Dogs know how to swim The answer that comes to mind and for everyone is one and only one: “Of course they know how to swim!”. If we were to rely on popular beliefs about our four-legged friends, we would have no doubts: all dogs know how to swim.
Yet this is not the case: no dog is the same as another and among the countless aspects in which they surprise there is also swimming. The fact is that swimming does not exist among the innate abilities of dogs, intended as a species (for this reason the capital C).
Before studying the subject I noticed it by observing our Oban. As a child, he must have been 4-5 months old, and fallen into a pond and I had to pull him out of weight because the instant it took me to realize that he had fallen into the water, he showed he did not know how to behave.
I thought it depended on the age and I did not investigate further, but the question reappeared the following summer when, chasing the ball, he fell into the pool. To my immense surprise, he was going straight down like a stone, head included. Luckily he was wearing a harness, so I was able to catch him and drag him out of the water.
The following year the same scene: taken by the enthusiasm of chasing a ball and fell into the pool, and even on that occasion I had to throw myself to retrieve it because it was going down like a brick. Curiously, despite being very fearful and with an iron memory for all negative experiences, Oban is not afraid of water. He can’t swim, he never learned, but where he finds water he touches and always happy to enter.

  • Dogs are not born knowing how to swim
  • There are breeds predisposed to swimming
  • Each dog is an individual in itself
  • Dogs in the water

Dogs are not born knowing how to swim
Unlike what we think, dogs are not born knowing how to swim. Many of them when they come into contact with water naturally hint at the movement to stay afloat (hence the dog style of humans) but for many of them it is not even enough to keep them afloat and, if there are those who can to keep their heads above the water, many have no idea how to move in the water. There are breeds predisposed to swimming There are breeds that are naturally predisposed to swimming.Webbed paws are an indication that the Labrador, Flat Coated, Retriever, Nova Scotia Tolling Duck Retriever, Golden Retriever, or Newfoundland among others are genetically prone to swimming but that doesn’t necessarily mean all or all Labradors Newfoundlands feel the attraction of water. It can happen that you have a Labrador that doesn’t swim or a Newfoundland that doesn’t even come close to water, and so with other webbed breeds.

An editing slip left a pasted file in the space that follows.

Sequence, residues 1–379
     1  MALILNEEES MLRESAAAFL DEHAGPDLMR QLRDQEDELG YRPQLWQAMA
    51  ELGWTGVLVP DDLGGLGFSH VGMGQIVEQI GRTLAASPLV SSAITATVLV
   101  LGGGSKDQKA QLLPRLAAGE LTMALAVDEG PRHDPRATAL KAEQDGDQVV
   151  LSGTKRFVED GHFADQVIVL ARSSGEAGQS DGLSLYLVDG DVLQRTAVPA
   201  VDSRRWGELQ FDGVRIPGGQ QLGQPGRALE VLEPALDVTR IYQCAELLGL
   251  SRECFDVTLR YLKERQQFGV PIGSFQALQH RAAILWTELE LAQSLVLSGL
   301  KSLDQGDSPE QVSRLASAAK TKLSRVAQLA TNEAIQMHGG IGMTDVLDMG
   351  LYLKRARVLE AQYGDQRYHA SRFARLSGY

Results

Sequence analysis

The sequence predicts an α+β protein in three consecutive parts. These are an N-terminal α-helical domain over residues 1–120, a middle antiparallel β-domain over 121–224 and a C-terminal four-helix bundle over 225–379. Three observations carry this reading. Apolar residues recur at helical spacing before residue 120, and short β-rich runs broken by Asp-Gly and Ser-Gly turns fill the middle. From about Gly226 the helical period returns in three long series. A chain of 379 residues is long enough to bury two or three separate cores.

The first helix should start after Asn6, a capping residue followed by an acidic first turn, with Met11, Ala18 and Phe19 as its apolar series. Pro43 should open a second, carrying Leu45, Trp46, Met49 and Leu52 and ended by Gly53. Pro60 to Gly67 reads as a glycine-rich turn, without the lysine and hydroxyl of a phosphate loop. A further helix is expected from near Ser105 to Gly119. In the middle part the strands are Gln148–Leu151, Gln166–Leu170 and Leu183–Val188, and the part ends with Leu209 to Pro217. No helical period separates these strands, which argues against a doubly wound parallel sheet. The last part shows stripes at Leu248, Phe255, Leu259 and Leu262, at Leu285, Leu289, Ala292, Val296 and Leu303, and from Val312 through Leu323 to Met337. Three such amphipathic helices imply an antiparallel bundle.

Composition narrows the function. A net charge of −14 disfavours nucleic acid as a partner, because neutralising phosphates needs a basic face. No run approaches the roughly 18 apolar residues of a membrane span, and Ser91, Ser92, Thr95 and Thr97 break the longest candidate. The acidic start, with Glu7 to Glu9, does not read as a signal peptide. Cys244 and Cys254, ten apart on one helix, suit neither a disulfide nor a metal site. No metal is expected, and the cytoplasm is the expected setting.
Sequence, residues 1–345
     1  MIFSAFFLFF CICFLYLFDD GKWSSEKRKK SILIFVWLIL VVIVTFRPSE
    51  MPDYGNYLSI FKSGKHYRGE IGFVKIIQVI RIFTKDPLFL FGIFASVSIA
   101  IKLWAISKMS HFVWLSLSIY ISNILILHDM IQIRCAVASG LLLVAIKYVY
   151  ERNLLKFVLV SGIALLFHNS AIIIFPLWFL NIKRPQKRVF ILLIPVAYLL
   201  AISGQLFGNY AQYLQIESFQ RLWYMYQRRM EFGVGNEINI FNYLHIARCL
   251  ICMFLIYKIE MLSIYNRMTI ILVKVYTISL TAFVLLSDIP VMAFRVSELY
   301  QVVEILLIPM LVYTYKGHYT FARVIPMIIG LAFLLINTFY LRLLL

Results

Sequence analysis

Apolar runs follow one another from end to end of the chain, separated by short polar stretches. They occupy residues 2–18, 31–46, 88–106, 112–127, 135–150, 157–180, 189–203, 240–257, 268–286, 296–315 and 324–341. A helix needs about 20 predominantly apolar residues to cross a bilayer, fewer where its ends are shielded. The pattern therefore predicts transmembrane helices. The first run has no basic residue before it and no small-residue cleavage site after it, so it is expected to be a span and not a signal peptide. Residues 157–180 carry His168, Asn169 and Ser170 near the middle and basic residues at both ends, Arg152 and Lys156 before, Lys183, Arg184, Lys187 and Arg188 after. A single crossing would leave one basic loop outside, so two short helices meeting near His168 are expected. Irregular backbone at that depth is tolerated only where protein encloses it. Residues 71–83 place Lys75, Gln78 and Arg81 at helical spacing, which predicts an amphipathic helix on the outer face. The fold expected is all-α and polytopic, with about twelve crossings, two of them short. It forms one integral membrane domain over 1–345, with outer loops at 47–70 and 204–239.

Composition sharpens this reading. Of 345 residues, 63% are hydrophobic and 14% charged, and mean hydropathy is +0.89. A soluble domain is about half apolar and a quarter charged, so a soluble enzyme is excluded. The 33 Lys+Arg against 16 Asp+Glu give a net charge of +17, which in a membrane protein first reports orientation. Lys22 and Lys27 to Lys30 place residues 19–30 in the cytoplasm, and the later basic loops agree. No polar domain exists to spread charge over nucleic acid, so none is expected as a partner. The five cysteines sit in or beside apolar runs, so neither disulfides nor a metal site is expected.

On the opposite side of the aquatic scale there should be brachycephalic breeds – for example the French bulldogs or bulldogs – and those with short legs – just think of the dachshunds – which due to their physical characteristics theoretically have greater difficulty in moving in the water. But even among them there are cases, even numerous, of great swimmers, sometimes even divers. Each dog is an individual in itself
There are no guarantees that belonging to a ‘swimming breed’ will make a dog a lover of water: we remember that every dog ​​is an individual in itself , and the weight of individuality is such that ‘and those who, like Mark Bekoff, argue that talking about breed characteristics is outdated.
Add to this that, as with everything in life, there is also taste. Regardless of their ability to swim or not, there are dogs who love water and dogs who don’t love it at all. The former, including Oban, do not go into high water but have a lot of fun where they touch. Dogs in the water
Dogs that like water can be taught to swim if they show interest. The teaching and the approach are gradual, require a long leash, patience and that the exercise is always done in maximum safety .
The same goes for dogs that generally go into the water. Highly recommended is the use of a life jacketad hoc for dogs that go to the lake, the sea, the swimming pool or in any case where the water is high. It is essential always and in any case, never to lose sight of the dog that is in the water and to be ready to intervene to take him out in case of need .
After the experience in water, the dog must be dried and, if in the sea, and therefore in contact with sand and salt water, it must be carefully rinsed with fresh water.
The use of a life jacket for dogs that go into the water is recommended

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